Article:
GM: Solid in North America, But Europe Weighs on Profits
RJ is a member of The Motley Fool Blog Network -- entries represent the personal opinion of the blogger and are not formally edited.
Automaker General Motors (NYSE: GM) recently reported second quarter earnings that were slightly better than expected. GM earned a profit of $0.90 per share, higher than consensus estimates, but down substantially from last year’s $1.54 in the second quarter. Revenue fell 5% to $37.6 billion, which was about $1 billion shy of the Street’s expectations. Automotive free cash flow remained strong at $1.7 billion, albeit down 55% from a year ago. GM expects strong performance in North America during the third quarter, though the company doesn’t explicitly give guidance.
Speaking of North America, revenue fell about $200 million year-over-year to $22.9 billion. Market share for cars in the US fell over 300 basis points to 15.4% thanks to supply from Honda (NYSE: HMC) and Toyota (NYSE: TM) coming back online, as well as strong performance from competitors like Ford (NYSE: F). Honda, for instance, sold 45% more cars during July of 2012 compared to July of 2011. Toyota sold 26% more cars, equivalent to 165 thousand vehicles. Toyota also intends to boost production in North America, which is a much stronger region than Japan and won't negatively impact results as much as exporting vehicles from Japan--Honda will follow-suit. As we’ve stated earlier, we aren’t overly enthusiastic about GM’s product mix relative to its competitors, and we think the company is struggling to eliminate the “Government Motors” perception. Additionally, GM doesn't really have a good competitor to the Prius, as the Chevy Volt hasn't really been a hit with consumers. However, we think strong sales data from Cadillac and Buick in July could support the theory that some of its brands are beginning to resonate with consumers. GM also remains committed to financing subprime car buyers. Unlike housing, subprime car loans aren’t nearly as risky, as the loans carry reasonably high interest rates and the collateral (in most cases the car itself) is easier to repossess than a home.
Not surprisingly, Opel, GM’s European brand, was a disaster. Revenue fell 21% and the segment swung to a $361 million loss compared to a $102 million profit during the same quarter a year ago. Management changes have run rampant at Opel, and the company remains committed to expanding its brand in Europe. The firm announced a $559 million deal with legendary English soccer club Manchester United to be the team’s jersey sponsor for seven seasons starting in 2014-2015, which the company hopes will raise brand awareness and prestige globally. We don’t think this will make Europe profitable overnight, and we think the company likely overpaid for its advertising rights.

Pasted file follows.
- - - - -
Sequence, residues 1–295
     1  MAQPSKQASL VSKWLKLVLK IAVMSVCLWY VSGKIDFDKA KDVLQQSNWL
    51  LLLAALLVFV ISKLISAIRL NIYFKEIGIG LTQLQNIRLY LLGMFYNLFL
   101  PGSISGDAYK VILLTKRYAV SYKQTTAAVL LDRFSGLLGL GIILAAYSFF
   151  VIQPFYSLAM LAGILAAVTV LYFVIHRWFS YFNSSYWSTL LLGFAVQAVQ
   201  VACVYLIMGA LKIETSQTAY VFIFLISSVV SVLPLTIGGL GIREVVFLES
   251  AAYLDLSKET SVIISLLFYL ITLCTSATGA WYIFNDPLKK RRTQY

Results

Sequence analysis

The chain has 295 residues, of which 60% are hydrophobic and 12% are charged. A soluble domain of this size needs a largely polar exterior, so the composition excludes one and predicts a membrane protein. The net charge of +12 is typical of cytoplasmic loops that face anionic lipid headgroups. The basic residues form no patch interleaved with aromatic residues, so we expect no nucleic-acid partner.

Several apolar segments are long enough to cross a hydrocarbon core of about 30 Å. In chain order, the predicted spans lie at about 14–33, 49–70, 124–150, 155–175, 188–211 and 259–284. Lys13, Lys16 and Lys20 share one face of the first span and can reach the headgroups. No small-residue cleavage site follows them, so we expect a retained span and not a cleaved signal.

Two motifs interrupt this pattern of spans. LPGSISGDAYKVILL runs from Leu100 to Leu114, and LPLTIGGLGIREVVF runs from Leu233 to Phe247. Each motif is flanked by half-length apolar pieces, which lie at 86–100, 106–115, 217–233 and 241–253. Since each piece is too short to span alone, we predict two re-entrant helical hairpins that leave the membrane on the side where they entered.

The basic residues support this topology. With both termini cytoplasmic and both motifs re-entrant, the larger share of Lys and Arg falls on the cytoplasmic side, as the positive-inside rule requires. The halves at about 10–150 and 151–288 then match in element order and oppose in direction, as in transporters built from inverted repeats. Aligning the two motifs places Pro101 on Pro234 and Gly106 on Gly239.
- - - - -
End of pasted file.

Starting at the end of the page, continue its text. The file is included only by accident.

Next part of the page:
International results remained relatively strong, as sales increased 8% year-over-year to $6.9 billion, though profits remained flat. GM is acquiring a stronger market position than Ford in China, and the ability to win share in a car market that could sell 30 million vehicles by the end of the decade could be a tremendous asset. The firm had 13.8% market share during the second quarter. Although we tend to like Ford better, GM’s presence in China is far superior, in our view.
Regardless, we think shares of GM are cheap…just not as cheap as Ford. We think Ford's cost structure in North America is much stronger (based on operating margins), and the firm has a considerably more attractive small car line-up. The firm’s pension is currently underfunded by $15 billion, but the company’s improved cost structure and lump sum payments should allow it to close the gap going forward (as long as capital markets cooperate). Though we aren’t crazy about GM’s current position in the US or in Europe, we think the company has strong potential in China and that the automotive refresh cycle in the US will continue to benefit North American operations, even if the firm loses some share to its competitors. GM scores just a 3 on our Valuentum Buying Index (our stock-selection methodology), and since we already have exposure to the auto OEMs through Ford (which also pays a dividend), we won’t look to add shares to the portfolio in our Best Ideas Newsletter unless the valuation becomes too cheap to ignore.
Valuentum has a position in Ford.. The Motley Fool owns shares of Ford. Motley Fool newsletter services recommend Ford and General Motors Company. Try any of our Foolish newsletter services free for 30 days. We Fools may not all hold the same opinions, but we all believe that considering a diverse range of insights makes us better investors. The Motley Fool has a disclosure policy.If you have questions about this post or the Fool’s blog network, click here for information.